Yesterday Terry Branstad's campaign released some information about its fundraising during the last three months of 2009. As I'd feared, they reported big numbers: nearly $1.55 million raised, with $1.36 million cash on hand left at the end of 2009. You can make a lot of contacts in four terms as governor, and Branstad's campaign had 3,044 individual contributors, representing all of Iowa's 99 counties. The campaign also noted that 94 percent of the money raised came from Iowans, and 96 percent came from individuals.
Governor Chet Culver's campaign responded by announcing that it has $2.59 million on hand:
That total is over $1 million more than any incumbent governor has had at a similar point in their reelection cycle. [...]
Over the past 12 months, the campaign received contributions from well over 1,000 donors, 85% of which are Iowa residents. Additionally, more than half the contributions made to the campaign were for $250 or less.
Culver campaign manager Abby Curran told me that the total amount raised during 2009 was $2.145 million. She declined to tell me how much the campaign spent during the year, but it's not hard to arrive at a ballpark figure. Last January, Culver's campaign reported having about $1.5 million on hand. Adding $2.145 million to that and subtracting the $2.59 million the campaign has on hand now suggests that the governor's campaign spent a little more than $1 million during the past year.
I've been concerned about the Culver campaign's burn rate for a while. It appears that as in 2008, the campaign spent roughly half of what it took in during 2009. Presumably a lot of that money went toward running this statewide television ad in October and this one in November. I liked the ads, especially the second one, and I understand why they wanted to spread a positive message when the governor was going through a rough political stretch. But Culver and Jim Nussle raised about $15 million combined during the 2006 campaign, and this year's race will be more expensive. The Democratic and Republican governors' associations are likely to spend substantial money here (both organizations have a lot of money in the bank). Even so, Culver needs to raise a lot more money.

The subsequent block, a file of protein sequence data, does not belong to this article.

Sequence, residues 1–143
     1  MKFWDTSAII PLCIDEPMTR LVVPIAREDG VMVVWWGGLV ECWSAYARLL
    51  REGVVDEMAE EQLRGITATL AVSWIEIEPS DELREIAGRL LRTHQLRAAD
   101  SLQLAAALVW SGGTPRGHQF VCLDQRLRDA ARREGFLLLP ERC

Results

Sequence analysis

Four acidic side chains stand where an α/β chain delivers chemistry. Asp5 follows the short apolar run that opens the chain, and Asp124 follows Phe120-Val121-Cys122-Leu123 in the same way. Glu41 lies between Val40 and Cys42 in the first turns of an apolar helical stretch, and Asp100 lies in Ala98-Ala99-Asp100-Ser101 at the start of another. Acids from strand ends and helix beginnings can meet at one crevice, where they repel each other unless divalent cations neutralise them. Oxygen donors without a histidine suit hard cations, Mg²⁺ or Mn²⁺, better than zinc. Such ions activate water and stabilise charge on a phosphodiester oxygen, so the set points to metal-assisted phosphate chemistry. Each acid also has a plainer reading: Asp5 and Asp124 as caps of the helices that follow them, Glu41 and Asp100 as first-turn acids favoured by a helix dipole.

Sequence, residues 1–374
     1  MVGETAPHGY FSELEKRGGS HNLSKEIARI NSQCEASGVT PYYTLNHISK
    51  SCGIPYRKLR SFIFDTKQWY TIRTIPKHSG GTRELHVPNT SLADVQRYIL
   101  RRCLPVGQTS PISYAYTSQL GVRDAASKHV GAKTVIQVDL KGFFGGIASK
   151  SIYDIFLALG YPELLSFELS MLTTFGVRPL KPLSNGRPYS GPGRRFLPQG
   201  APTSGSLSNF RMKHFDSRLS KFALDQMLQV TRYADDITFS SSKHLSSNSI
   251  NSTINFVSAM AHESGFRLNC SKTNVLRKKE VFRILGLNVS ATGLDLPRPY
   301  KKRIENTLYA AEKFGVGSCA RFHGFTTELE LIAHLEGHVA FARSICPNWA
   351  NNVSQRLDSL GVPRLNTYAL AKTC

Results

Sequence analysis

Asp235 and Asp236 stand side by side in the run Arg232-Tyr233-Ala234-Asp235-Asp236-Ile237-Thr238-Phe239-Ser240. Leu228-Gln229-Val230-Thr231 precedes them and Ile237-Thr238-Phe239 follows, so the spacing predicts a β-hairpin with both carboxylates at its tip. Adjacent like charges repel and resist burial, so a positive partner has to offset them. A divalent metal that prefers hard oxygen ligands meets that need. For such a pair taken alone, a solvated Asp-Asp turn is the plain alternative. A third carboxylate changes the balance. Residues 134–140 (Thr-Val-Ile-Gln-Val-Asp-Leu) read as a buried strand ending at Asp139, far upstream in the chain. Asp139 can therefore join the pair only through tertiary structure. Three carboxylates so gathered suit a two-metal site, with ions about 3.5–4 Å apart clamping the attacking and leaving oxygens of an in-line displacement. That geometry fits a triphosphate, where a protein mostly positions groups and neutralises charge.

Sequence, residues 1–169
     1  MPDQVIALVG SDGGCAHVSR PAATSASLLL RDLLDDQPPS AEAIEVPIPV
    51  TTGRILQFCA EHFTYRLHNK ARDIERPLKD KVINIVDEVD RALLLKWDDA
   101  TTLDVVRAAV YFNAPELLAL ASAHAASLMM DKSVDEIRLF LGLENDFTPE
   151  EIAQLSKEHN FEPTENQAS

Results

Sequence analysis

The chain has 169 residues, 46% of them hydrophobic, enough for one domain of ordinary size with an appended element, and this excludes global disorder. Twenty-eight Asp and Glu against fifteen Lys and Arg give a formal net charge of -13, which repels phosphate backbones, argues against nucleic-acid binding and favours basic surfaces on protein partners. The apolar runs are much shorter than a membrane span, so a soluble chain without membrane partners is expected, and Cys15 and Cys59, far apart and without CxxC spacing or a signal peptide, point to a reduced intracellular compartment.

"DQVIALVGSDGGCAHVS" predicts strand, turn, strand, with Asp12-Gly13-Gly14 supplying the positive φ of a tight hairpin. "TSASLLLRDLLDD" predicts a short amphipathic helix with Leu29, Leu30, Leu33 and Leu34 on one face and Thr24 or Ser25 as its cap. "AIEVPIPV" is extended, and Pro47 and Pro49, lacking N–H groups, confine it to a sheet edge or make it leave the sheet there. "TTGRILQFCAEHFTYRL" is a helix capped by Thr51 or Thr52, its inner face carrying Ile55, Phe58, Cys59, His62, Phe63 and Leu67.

Another point of concern is that Branstad has more individual donors. If half of Culver's donations were for $250 or less, then the overwhelming majority of his money came from donors giving several thousand dollars. Iowa has no campaign contribution limits, so there's no reason these people couldn't give again, but Culver has a smaller pool of past donors to tap. In my opinion this reflects the governor's failure to build strong coalitions and deliver on various issues of importance to Democratic activists who supported Ed Fallon or Mike Blouin in the 2006 primary. The friction between him and organized labor hasn't helped either.
The good news for Culver is that he can continue to build his war chest while Branstad is forced to spend a lot of money during the Republican primary.
Speaking of which, the other Republican candidates for governor haven't released their fundraising numbers yet. They must file reports with the Iowa Ethics and Campaign Disclosure Board by January 19, so we'll know more next week. I assume State Representatives Chris Rants and Rod Roberts will have very little cash on hand, and Bob Vander Plaats won't have nearly as much as Branstad reported. But Vander Plaats should be able to announce a credible number. At this point in the 2006 election cycle he had raised nearly a million dollars. Thanks to the Iowa Supreme Court's ruling on same-sex marriage, Vander Plaats received much more publicity among social conservatives nationwide last year than he had in 2005.
Any thoughts about the Iowa governor's race are welcome in this thread.